Only 30% of Americans Trust Our Government
People see that we have socialism for the rich, but cut-throat, sink-or-swim capitalism for everyone else. They see that we have a malignant synergism between D.C. politicians and giant companies. Look here, here, here.
Folks are starting to wake up to the fact that Obama is a lot like Bush. Indeed, he’s continued many of the horrible Bush programs he promised to stop, covered up for Cheney and company, and allowed even worse inequality and trampling of the Constitution.
And that any apparent difference is just a scripted show.
No wonder a new poll by Pew shows that only 3 in 10 Americans trust our government:
For the past seven years, a period covering the final two years of the Bush administration and President Obama’s first term, no more than about three-in-ten Americans have said they trust the federal government to do the right thing always or most of the time.
Our Jan. 2013 survey found only 26% saying they can trust government always or most of the time, while 73% say they can trust the government only some of the time or never. Majorities across all partisan and demographic groups express little or no trust in government
As CBS news notes:
The Pew Research Center in Washington, D.C. has found that fewer Americans than ever trust the decisions made by the government.
Indeed, we noted in February that more and more Americans see the government as a threat, rather than a protector:
For years, “conservative” pollsters have said that Americans are furious at the government:
- Rasmussen noted in 2010 that only a small minority of the American people think that the government has the consent of the governed, and that the sentiment was “pre-revolutionary”
- Gallup noted in 2011 that a higher percentage of American liked King George during the colonial days than currently like Congress
- And last year, Gallup noted that trust was plummeting in virtually all institutions
Liberals may be tempted to think that this is a slanted perspective. But non-partisan and liberal pollsters are saying the same thing:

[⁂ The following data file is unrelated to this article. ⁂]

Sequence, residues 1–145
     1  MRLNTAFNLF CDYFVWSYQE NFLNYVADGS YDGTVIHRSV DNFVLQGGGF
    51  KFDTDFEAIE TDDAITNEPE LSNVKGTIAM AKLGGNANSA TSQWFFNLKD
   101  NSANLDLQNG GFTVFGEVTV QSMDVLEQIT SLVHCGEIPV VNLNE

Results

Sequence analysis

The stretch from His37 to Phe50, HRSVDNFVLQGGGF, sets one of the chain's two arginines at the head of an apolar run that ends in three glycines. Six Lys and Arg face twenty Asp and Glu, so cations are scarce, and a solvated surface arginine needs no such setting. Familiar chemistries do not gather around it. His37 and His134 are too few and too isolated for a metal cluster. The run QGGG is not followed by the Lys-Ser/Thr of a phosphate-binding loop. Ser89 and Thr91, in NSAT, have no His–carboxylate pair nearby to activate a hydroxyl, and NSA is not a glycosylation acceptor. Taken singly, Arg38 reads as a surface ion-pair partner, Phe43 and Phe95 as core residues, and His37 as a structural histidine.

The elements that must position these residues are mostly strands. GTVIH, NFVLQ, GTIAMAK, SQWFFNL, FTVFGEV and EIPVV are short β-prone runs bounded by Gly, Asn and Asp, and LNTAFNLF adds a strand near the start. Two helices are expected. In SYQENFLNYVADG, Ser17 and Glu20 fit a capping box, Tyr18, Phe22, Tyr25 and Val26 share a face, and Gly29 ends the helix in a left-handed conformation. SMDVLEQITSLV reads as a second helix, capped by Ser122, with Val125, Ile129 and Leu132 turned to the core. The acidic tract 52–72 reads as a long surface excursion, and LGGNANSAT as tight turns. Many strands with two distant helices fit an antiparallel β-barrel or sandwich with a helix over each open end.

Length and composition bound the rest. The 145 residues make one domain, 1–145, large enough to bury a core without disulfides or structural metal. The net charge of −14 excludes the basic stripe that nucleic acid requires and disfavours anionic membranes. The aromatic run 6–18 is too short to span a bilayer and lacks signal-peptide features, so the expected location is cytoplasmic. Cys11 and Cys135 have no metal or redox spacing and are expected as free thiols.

- An NBC News/Wall Street Journal poll from 2011 found that 76% of Americans believe that the country’s current financial and political structures favor the rich over the rest of the country
- The Washington Post reported in 2011 that Congress was less popular than communism, BP during the Gulf oil spill or Nixon during Watergate
- Public Policy Polling added last month that Congress is also less popular than cockroaches, lice, root canals, colonoscopies, traffic jams, used car salesman and Genghis Khan
- And the liberal Pew Charitable Trusts noted last week that – for the first time – a majority of the public says that the federal government threatens their personal rights and freedoms:
The latest national survey by the Pew Research Center for the People & the Press, conducted Jan. 9-13 among 1,502 adults, finds that 53% think that the federal government threatens their own personal rights and freedoms while 43% disagree.
In March 2010, opinions were divided over whether the government represented a threat to personal freedom; 47% said it did while 50% disagreed. In surveys between 1995 and 2003, majorities rejected the idea that the government threatened people’s rights and freedoms.
The survey finds continued widespread distrust in government. About a quarter of Americans (26%) trust the government in Washington to do the right thing just about always or most of the time; 73% say they can trust the government only some of the time or volunteer that they can never trust the government.
Majorities across all partisan and demographic groups express little or no trust in government.
Obviously, Democrats are currently more trusting in government than Republicans. For example:
The Pew Research Center’s 2010 study of attitudes toward government found that, since the 1950s, the party in control of the White House has expressed more trust in government than the so-called “out party.”
But given that even a growing percentage of Dems believe that government is a threat to their freedom, things are indeed getting interesting …